Can You Wash Down Filled Pillows & Comforters? Yes But…

Goose and duck down filled pillows, duvets and comforters are soft and luxurious to sleep on but they do require a bit of care to keep clean. It’s not advised to launder these items as frequently as you would regular bedclothes, but there are a few things you can do to clear out dust mites, dead skin and freshen up pieces that are starting to smell a bit funky.

What You Need To Know:

Check labels first for care instructions, although the inner content may be fine submerged in water, the cloth case may be dry clean only.

If the case is made of silk for example, submerging in water might do damage to the fabric and ruin the item (likely beyond repair). Dry cleaning will be the only option in this situation.

Eyeball the pillow casings, will the fabric hold up in the machine? If it looks a bit fragile (common with older materials), do them by hand in a tub instead.

Note: The directions below may differ from care instructions that are listed on the label, follow the manufacturer’s advice for best results.

Instructions

Getting Started: Check for any weak seams or rips and repair if necessary. I know from experience what a mess is made if there’s even a small tear in the fabric ;).

Fill the empty washer with the articles to ensure that the appliance is large enough to hold the bedclothes without having to pack them in tight.

Laundering items in an appliance that’s too small can cause damage to the bedding, your best bet is to use those at a laundromat since they’re typically much larger than the average household’s (you could also soak pieces in the bathtub).

After determining that materials are washable, set the machine to the delicate cycle and the temperature set to warm. Use a mild detergent and add to the water as it’s filling the drum…wait a minute or so then toss in the articles (this helps dilute and distribute the soap).

Is it ok to add bleach? It’s not advised since bleach will certainly cause damage to the down’s natural oils.

How regularly should they be laundered? Pillows can be done twice a year, duvets and comforters every three years or so (really!). Why so infrequently? Washing too much can break down its natural oils and structure.

Finishing Off: Hang outside on warm days or in the dryer on a medium heat setting. Remove from appliance every 30 minutes, fluff and allow to cool for a few minutes before stuffing back in the machine (to help prevent scorching). Rearrange large blankets as you stuff them back in for more even results. It will likely take a few hours to complete.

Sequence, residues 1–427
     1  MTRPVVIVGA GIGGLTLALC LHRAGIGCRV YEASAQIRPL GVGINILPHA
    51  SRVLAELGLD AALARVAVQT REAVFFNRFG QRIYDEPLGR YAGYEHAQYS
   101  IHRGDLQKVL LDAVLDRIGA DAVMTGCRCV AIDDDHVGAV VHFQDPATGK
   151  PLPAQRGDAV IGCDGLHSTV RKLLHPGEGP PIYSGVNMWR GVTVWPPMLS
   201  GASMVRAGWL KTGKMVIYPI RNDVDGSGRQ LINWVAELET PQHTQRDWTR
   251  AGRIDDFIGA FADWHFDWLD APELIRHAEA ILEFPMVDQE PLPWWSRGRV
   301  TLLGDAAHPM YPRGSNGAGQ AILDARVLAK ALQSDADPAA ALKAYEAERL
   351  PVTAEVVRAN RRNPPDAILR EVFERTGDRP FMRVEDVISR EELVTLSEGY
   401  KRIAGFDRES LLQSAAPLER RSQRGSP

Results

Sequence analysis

Quick Tip: Throw in a couple thick towels, they’ll help absorb some of the moisture so things finish quicker.

More Tips

Storing Pieces: Ensure bedding is fully dried without a smidge of moisture before packing away for storage, they’ll get mildew if stored while damp. Wrap in cotton textiles so the materials can still breathe, plastic bags are a no-no.

Nature’s Alternative: Shake articles then hang on the clothesline during hot summer afternoons, the sun assists in destroying dust mites. If it’s too chilly outside, a 15 minute tumble in the dryer (medium heat) also does the trick.

I also like to set out portable/folding racks to lay pieces on during very windy days (the windier, the better). You may need to anchor the racks so they don’t fall over, but I find several hours of this treatment is very effective at flushing out stale odors (turn articles over/reposition every couple hours). Punch, shake out and fluff periodically too.

Provide Protection: Cover items with a good quality case (high thread count) before slipping inside shams and duvet covers, they hold up well when laundered regularly and work to repel dirt, stains and odors.

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Comments

    • Loretta S.
    Reply

    Also – throw in one tennis ball in the dryer with down. It will help keep it fluffy as it dries. HT: Martha Stewart

      • dawn
      Reply

      how will it keep the comforter fluffy?

        • Liz
        Reply

        I think it knocks the wet down apart, I have used tennis balls in the dryer when I dry down since one of my son’s down jackets came with instructions to do so.

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